By Bernie Becker - 10/11/11 04:48 PM EDT
Levin, citing data from the Joint Committee on Taxation, also declared that a repeat of the holiday would lose tens of billions of dollars over a decade and would encourage companies to keep more funds offshore in anticipation of receiving yet another holiday.
The study from the Michigan Democrat, chairman of the Senate Homeland Security panel's permanent subcommittee on investigations, found that the corporations that most heavily relied on the 2004 holiday shed jobs and did not increase their rate of spending on research and development. But, the report adds, those corporations did bump up the amount of stocks they repurchased and gave hefty raises to top executives.
The U.S. Chamber of Commerce, which has released a study praising repatriation, made a similar point in its pushback on the Levin report.
“This money could pay dividends to consumers who spend and shore up balance sheets or buy back stock, all of which boost economic growth and help to create jobs,” the Chamber’s Bruce Josten said. “As the Chamber has long noted, all these are better options than leaving this capital overseas.”
On Tuesday, Levin himself said he did not know whether there was enough opposition in the Senate to block a repatriation measure introduced by Sens. Kay Hagan (D-N.C.) and John McCain (R-Ariz.) that backers are going to try to attach to the president’s jobs bill.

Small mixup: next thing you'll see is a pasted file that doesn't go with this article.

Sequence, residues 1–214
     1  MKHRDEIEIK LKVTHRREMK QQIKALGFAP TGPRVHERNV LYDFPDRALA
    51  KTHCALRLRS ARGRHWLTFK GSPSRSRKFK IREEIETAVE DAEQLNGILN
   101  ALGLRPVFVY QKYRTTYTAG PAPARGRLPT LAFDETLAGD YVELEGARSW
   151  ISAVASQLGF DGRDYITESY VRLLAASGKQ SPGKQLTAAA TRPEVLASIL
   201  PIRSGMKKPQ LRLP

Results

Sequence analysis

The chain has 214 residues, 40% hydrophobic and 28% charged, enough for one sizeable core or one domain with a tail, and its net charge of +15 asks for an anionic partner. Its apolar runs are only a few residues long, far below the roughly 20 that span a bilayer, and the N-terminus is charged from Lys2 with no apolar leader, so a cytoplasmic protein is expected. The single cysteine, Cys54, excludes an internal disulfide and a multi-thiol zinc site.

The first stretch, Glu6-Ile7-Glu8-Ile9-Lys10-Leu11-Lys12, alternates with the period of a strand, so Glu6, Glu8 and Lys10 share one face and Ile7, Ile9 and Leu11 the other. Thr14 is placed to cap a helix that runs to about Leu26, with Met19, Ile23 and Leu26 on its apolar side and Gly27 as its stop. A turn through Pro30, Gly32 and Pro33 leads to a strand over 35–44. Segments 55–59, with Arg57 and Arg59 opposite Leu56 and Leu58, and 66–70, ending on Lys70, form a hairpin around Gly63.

“There’s an army of lobbyists around here favoring repatriation,” Levin said.
Some Democrats have also expressed an openness to linking repatriation with infrastructure initiatives.
But Levin said that, while he favors the idea of an infrastructure bank, he wants not part of combining that with repatriation.
“This source is a job-killer, not a job-creator,” Levin said.
Levin and Sen. Kent Conrad (D-N.D), another repatriation skeptic and the Senate Budget Committee chairman, have also sent a letter to the supercommittee asking them not to implement a new holiday.